I have been at the Learning Through Enquiry Alliance conference in Reading. I will provide a few reports.
The keynote today was from Phil Race. He was aiming for us to learn about "7 straightforward factors which underpin successful learning". He posts his main slides on his website at http://www.phil-race.co.uk/ so they will be there soon and there are lots of sets of slides there already.
He did not reveal the 7 factors until the end of his talk, but for people who don't want to read any further they are:
- learning by doing;
- learning from feedback;
- wanting to learn;
- needing to learn;
- making sense of things;
- learning through coaching & explaining teaching;
- learning through assessing: making informed judgements.
He did a post-it exercise, where we had to complete the sentence "Teaching would be much better for me if only I.." and then swap round our post-its and a few people read some out (wanting more time and connecting with/ understanding students were themes). His point was really about the post-its as "non threatening space" for people to express their thoughts.
He then talked about assessment as learning (rather than of learning or for learning). He felt that assessment in Higher Education was "broken": there was strong awareness of what we ought to be doing (and research backing that up) but it doesn't always happen.
Another point was "Timing of feedback is critical", I think in particular criticising people who ask questions in class and don't wait long enough fot answers, or don't stimulate activity to answer the qustions. I must say that I stopped just asking questions like that in class some time ago, since I don't find it terribly productive. Interestingly to me, Phil Race was framing that as getting students to handle this as information and process/communicate it.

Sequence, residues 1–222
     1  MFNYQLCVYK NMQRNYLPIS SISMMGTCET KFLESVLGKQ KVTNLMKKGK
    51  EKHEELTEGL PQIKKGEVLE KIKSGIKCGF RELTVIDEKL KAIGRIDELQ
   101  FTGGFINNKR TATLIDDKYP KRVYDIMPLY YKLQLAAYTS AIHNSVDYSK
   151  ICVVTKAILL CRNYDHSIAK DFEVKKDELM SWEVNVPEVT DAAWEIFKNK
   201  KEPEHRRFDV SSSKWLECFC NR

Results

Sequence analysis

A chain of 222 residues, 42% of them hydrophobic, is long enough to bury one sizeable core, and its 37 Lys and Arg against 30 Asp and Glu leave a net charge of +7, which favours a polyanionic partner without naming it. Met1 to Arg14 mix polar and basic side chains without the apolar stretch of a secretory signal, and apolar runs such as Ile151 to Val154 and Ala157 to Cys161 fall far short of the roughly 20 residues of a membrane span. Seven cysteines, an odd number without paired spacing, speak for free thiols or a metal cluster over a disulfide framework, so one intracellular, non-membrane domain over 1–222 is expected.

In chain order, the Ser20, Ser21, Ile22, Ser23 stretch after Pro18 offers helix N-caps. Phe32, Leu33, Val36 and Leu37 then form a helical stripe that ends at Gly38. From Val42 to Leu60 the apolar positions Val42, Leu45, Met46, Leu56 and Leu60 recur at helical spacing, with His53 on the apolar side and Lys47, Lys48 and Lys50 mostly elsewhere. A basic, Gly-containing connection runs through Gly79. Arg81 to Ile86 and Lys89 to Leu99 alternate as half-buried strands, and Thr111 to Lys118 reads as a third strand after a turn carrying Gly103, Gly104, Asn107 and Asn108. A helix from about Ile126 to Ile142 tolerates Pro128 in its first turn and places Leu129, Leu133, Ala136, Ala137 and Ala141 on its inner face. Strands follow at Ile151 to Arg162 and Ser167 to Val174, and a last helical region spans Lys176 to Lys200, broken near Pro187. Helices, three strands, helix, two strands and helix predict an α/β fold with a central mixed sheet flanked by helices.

In terms of what helped people learn something they were good at: practice, trial and error often emerged as key. This led to Professor Race identifying Inquiry Based Learning as helping people to make mistakes in the right place, at the right time, so they can learn from them.
Two items he recommended at the end of his talk were:
Sadler, D.R. (2009). Indeterminacy in the use of preset criteria for assessment and grading in higher education. Assessment and Evaluation in higher education, 34 (2), 159 - 179
Coffield, F., Moseley, D., Hall, E. and Ecclestone, K. (2004) Learning Styles and Pedagogy in post-16 learning: a systematic and critical review. London: Learning and Skills Research Centre http://www.lsda.org.uk/files/PDF/1543.pdf
Photo by Sheila Webber: Professor Race asked us to put post-its we'd swapped on the wall as we went out, so we did.